WASHINGTON-A Bumble Bee Foods executive has agreed to plead guilty to fixing prices on canned tuna, the first criminal charges in an ongoing Justice Department probe in the packaged seafood industry.
Prosecutors on Wednesday said Walter Scott Cameron would plead guilty to one felony charge for fixing prices on packaged seafood from 2011 to 2013. Mr. Cameron, identified in a court document as a senior vice president of sales, has agreed to pay a criminal fine and cooperate in the investigation, the department said.
According to the charges, Mr. Cameron engaged in discussions and meetings with counterparts at other major seafood-producing firms and agreed to "fix, raise and maintain the prices of packaged seafood" sold to U.S. consumers.
The charges identify Bumble Bee only as "Company A," but the firm confirmed Mr. Cameron is an employee who is currently on paid leave.
Bumble Bee's general counsel, Jill Irvin, said the company is fully cooperating with the Justice Department, which has been probing anticompetitive behavior in the industry.
"The company is hopeful that it can reach a resolution with DOJ on this matter, as it relates to the company, in early 2017," she said. "Because the investigation is ongoing, we cannot provide any additional information or comments on this matter at this time."
A lawyer for Mr. Cameron couldn't immediately be reached for comment.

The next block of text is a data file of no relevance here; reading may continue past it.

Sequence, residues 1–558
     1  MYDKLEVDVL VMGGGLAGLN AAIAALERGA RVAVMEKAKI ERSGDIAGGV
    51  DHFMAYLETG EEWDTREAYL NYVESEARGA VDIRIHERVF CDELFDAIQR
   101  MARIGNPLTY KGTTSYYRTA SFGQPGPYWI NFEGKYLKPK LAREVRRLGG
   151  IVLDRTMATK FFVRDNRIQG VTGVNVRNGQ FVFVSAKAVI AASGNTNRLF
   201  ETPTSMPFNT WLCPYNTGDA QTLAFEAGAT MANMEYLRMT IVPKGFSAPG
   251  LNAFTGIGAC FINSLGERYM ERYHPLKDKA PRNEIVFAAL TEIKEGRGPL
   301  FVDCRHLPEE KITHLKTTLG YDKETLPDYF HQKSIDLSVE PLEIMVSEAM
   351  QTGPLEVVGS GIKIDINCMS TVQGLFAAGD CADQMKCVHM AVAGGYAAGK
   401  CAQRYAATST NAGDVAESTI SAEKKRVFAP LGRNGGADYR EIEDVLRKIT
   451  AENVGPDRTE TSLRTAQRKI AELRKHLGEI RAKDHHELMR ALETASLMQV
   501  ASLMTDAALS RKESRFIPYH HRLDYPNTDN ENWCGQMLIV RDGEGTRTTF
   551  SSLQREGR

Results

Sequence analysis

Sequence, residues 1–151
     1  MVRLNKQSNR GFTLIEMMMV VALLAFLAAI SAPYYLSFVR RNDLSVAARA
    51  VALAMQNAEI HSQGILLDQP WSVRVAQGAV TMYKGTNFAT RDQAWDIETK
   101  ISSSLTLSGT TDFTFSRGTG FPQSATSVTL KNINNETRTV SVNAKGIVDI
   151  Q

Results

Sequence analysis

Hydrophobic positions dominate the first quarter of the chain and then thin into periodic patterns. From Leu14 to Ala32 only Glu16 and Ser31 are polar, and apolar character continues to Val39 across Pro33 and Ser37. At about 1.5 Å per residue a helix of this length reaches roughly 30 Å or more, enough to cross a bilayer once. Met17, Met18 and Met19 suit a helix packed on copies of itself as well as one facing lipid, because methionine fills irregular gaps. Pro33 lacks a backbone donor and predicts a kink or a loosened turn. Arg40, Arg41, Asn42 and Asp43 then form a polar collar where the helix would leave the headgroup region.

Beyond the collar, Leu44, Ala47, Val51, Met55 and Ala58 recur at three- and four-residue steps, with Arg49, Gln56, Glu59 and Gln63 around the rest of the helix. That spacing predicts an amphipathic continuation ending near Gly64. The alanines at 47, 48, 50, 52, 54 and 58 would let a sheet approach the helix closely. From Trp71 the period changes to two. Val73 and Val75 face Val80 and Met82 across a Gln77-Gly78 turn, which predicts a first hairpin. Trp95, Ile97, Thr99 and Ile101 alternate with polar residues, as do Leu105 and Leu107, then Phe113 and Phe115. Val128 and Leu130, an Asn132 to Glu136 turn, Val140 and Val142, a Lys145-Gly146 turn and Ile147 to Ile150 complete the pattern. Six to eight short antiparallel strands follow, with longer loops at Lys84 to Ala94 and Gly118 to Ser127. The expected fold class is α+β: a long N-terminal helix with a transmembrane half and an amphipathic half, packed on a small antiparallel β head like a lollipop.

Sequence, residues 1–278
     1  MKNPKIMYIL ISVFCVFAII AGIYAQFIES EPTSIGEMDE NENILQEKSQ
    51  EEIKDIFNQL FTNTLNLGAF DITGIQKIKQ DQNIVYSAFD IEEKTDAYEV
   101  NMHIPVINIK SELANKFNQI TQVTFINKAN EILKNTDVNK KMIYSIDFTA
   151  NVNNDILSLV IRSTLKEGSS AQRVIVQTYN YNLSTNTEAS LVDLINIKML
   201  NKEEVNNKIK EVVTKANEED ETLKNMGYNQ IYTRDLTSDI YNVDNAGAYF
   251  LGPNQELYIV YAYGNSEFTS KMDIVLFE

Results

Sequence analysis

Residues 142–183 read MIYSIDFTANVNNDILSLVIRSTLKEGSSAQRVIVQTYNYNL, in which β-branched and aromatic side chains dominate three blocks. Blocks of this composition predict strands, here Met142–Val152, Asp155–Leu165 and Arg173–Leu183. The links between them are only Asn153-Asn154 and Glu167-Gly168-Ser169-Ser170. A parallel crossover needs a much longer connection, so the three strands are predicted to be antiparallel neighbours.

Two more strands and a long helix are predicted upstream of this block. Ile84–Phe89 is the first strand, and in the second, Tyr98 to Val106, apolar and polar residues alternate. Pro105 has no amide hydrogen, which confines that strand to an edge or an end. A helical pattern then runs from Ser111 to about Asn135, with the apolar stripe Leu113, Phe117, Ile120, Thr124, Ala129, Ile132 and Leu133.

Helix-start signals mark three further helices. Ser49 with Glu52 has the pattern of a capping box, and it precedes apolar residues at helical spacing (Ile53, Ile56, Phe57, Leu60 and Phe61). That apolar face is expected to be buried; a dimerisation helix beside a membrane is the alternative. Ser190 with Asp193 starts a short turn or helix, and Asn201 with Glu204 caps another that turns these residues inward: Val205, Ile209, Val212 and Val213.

Three tuna brands dominate the U.S. market: StarKist, Bumble Bee and Chicken of the Sea. All three tuna makers are facing private lawsuits alleging they engaged in price fixing. A StarKist spokeswoman declined to comment. Chicken of the Sea didn't respond to a request for comment.
The Justice Department didn't say how much consumers might have been overcharged by the alleged price-fixing.
Renata Hesse, head of the department's antitrust division, said, "All consumers deserve competitive prices for these important kitchen staples, and companies and executives who cheat those consumers will be held criminally accountable."
The department has spent a considerable amount of time examining the industry. Last year Thai Union Group PCL, a large international seafood producer that holds the Chicken of the Sea brand, dropped its proposed $1.5 billion acquisition of Bumble Bee after the Justice Department objected on antitrust grounds.
The department at the time said the market was "not functioning competitively" and would only get worse with consolidation.
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